Afterwards, they may have brushed their teeth with talking Batman toothbrushes, slipped on their Batman boxer shorts, and settled down in front of a television movie with a bag of bat- shaped tortilla chips. The true devotee may even have been sporting a Batman haircut, skull sprouting the black Bat logo.
The most powerful nation on earth has always been susceptible to exotic crazes, illustrated by its flash-flood love affair with a jug- eared Texan billionaire. But now they are also being nudged towards an infatuation with bats, Batmobiles, penguins, and a sinewy, leather-clad, whip-wielding woman (Michelle Pfeiffer) who goes around meowing and behaving like a cat.
The current fad, known by uninspired headline writers as Batmania, was spawned by the 1989 blockbuster film Batman, the fifth highest grossing film in history. Huge efforts are now being made to revive that success with the release two weeks ago of its sequel, Batman Returns.
In its first weekend Batman Returns made Hollywood history with a record-breaking box office total of dollars 47.7m ( pounds 25m). An estimated 7 million Batfans made it abundantly clear that Gotham City still occupies a special place in the American imagination, an appeal nurtured in childhood by hours of pouring over its dark and shadowy streets in Bob Kane's 1940s comic strip.
Warner Bros, the film's maker, is attempting to cash in on a grand scale. Hundreds of licensed goods, carrying hologram stickers in an attempt to deter counterfeiters, are being churned out in an effort to surpass the dollars 1.5bn generated by themed products, video cassettes, and box office sales by Batman.
However, behind all the razzmatazz, Warner Bros is faced with an embarrassing legal action that again focuses attention on one of the most hotly disputed issues in Hollywood: the dubious manner in which studios handle their book-keeping and distribute their rewards. Two Hollywood producers have filed lawsuits in the Los Angeles Superior Court, seeking damages of dollars 30m from Warner Bros and Batman producers Jon Peters and Peter Guber.
Ben Melniker and Michael Uslan, the film's executive producers, claim they were coerced into striking a 'net profit agreement', instead of receiving a slice of gross profits - a deal enjoyed by the actor Jack Nicholson (The Joker) who made more than dollars 50m from Batman.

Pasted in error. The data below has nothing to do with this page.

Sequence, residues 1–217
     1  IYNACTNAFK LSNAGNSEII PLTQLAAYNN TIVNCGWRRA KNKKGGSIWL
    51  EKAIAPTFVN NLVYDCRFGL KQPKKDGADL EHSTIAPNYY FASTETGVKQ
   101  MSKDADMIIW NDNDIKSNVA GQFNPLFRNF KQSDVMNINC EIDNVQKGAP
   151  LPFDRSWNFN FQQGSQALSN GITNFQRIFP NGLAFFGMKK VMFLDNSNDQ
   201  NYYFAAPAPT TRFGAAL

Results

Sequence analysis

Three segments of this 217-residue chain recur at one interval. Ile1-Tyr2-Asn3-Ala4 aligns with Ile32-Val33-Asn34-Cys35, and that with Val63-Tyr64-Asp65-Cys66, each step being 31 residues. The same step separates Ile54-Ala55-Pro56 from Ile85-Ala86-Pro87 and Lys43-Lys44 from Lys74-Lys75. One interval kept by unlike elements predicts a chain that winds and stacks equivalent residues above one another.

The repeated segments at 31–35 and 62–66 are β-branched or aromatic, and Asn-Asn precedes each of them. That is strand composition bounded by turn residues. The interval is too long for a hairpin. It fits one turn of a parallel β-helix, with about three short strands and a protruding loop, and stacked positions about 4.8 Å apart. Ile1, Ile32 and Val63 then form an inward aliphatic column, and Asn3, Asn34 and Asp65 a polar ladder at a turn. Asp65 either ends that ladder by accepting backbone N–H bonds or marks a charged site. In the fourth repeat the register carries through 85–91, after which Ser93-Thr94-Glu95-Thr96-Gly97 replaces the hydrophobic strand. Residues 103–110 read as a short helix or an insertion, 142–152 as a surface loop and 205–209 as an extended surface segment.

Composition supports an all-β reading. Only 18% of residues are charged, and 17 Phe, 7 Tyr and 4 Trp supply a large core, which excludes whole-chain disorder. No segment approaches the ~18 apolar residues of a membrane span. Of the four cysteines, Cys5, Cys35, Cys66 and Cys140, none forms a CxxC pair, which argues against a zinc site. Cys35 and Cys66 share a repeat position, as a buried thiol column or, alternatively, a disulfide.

The issue has gone to court because Warner Bros has yet to pay the two executives any net profits. The studio has instead made the extraordinary claim that the hugely popular Batman has made a dollars 20m loss, despite earning more than dollars 250m in US ticket sales.
A similar case led humourist Art Buchwald to sue Paramount Pictures over the Eddie Murphy film, Coming to America, which attempted to deny him a share of the profits. Awarding dollars 900,000 damages, the judge condemned Hollywood's net profit system as 'unconscionable'.
The two men, who claim they were the first to come up with the idea for a Batman movie based on the old comic-strip, challenge Warner Bros's claim to have made a loss. They argue in their lawsuits that 'despite at least dollars 200m of profits from Batman, the movie's two creators and executive producers . . . have received not one cent of the movie's stupendous profits'.
Their complaint was drawn up by Pierce O'Donnell, the lawyer who represented Mr Buchwald and is spearheading the assault on Hollywood's net profit payments. 'Fifty years of larceny is enough,' he told the Independent on Sunday. 'The net profit system has been declared illegal and immoral . . . Batman is the fifth highest grossing movie of all time, but these men get nothing.'
He said Batman showed a loss because Warner Bros had 'terribly inflated' its costs by deducting a variety of additional fees - for instance, by adding a 35 per cent distribution fee to the dollars 121m production bill.
Warner Bros has offered the two executives less than dollars 1m as an out-of-court settlement, a sum dismissed by Mr O'Donnell as 'two popcorns and two Cokes'. The switchboard at Warner Bros was closed yesterday, but in an earlier statement the company said that the executives' 'position has not reached a profit point'.
Nor are matters likely to rest with Batman. Messrs Melniker and Uslan are also entitled to 13 per cent net profits of sequels, including Batman Returns, for which they also acted as executive producers. They are certain to argue for their share of every bowl of Batman cereal and every Bat cookie consumed this holiday weekend. 'We don't have the cape; we don't have the mask,' Mr Uslan was recently quoted as saying, 'but we believe we are the good guys.' It will be up to the court to find the Joker.